My doctoral research is about assessing the impacts of climate change and local land-use land-cover changes on birds of eastern Indian Himalaya, a global biodiversity hotspot. My study site in Arunachal Pradesh is home to Idu-Mishmis, the indigenous people of Dibang Valley.
I completed my masters in Environment Science and Technology with the highest grades from Bharati Vidyapeeth Institute of Environment Education and Research, Pune (India) in 2017 where I studied the effects of urban noise on acoustic communication of Myna species for my dissertation. After my masters, I investigated the effects of land-use change on bird communities in extremely remote community forests and tropical forests in Jaintia Hills of Meghalaya, a state in Northeast India which lies in the Indo-Burma biodiversity hotspot. I then worked as a junior researcher for a year under the National Mission for Himalayan Studies scheme with the Ministry of Environment, Forest and Climate Change, Government of India, where I intensively documented the utilization and consumption of insects by tribes of three Northeast Indian states- Manipur, Nagaland and Arunachal Pradesh.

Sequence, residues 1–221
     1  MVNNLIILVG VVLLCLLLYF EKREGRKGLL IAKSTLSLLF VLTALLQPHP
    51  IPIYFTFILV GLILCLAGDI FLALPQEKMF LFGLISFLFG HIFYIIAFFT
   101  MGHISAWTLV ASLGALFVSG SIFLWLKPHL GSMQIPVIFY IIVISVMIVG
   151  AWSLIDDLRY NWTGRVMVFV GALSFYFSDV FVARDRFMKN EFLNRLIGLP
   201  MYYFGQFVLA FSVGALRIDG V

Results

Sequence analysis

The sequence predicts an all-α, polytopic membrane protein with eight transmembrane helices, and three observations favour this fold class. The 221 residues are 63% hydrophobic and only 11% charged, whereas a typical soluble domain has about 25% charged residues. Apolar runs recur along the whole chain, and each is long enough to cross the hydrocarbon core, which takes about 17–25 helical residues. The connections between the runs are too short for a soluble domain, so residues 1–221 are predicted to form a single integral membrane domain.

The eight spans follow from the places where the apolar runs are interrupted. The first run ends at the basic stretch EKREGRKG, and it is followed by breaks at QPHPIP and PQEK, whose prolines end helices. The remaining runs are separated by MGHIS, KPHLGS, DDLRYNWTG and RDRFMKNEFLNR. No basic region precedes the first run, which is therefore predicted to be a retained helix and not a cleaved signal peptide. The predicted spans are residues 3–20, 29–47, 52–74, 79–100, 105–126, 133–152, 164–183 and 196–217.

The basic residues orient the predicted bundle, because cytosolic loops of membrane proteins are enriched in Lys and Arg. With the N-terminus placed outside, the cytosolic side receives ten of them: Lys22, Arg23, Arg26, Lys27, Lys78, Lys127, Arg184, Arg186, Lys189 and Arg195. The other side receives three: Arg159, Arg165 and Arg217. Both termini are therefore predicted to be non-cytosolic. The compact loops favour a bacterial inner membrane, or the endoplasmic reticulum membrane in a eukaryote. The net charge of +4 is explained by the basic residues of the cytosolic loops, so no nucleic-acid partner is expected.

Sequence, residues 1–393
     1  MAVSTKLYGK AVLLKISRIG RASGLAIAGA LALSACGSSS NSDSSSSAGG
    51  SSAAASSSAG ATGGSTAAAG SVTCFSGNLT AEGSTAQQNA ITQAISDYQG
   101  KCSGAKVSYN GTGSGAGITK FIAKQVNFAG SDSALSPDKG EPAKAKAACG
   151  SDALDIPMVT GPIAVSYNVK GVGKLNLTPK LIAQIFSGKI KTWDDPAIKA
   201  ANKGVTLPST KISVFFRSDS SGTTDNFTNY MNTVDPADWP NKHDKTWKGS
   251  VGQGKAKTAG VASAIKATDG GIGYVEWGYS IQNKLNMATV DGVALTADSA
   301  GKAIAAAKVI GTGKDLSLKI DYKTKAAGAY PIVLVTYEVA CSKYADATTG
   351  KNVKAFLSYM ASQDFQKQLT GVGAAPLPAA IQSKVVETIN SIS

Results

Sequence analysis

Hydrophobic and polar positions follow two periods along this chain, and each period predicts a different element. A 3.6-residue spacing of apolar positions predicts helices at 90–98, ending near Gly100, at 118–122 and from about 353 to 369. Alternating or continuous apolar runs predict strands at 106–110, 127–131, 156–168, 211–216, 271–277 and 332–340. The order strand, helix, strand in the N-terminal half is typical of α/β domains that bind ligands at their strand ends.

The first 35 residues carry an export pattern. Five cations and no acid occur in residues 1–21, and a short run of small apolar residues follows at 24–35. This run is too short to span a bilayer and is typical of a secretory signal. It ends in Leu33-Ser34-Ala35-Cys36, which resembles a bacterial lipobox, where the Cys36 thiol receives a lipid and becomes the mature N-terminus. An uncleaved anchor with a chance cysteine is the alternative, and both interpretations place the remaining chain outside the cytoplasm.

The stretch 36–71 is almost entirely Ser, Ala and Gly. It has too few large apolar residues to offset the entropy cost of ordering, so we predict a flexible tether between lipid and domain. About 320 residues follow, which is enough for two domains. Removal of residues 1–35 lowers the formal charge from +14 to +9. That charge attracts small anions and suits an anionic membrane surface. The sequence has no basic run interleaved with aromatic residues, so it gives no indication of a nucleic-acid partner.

Large-scale deforestation for pro-development projects, diversion of primary forests, hunting, climate change, unsustainable harvesting of forest resources etc. are expected to push many species to extinction, while triggering newer coping mechanisms in some. My research interest broadly revolves around understanding which birds adapt well to such events and which do not. Dibang Valley, in particular, is undergoing massive changes due to ongoing anthropogenic activities which are expected to have negative impacts on birds, most of which remain undiscovered or understudied. While in Dibang Valley, I also intend to document people-bird interactions, their stories and relevance of bird species in Idu-Mishmi culture.
Through an international platform and generous support provided by OICSD, I intend to contribute more to both scientific and social research in Northeast India, a region which remains largely unexplored even today.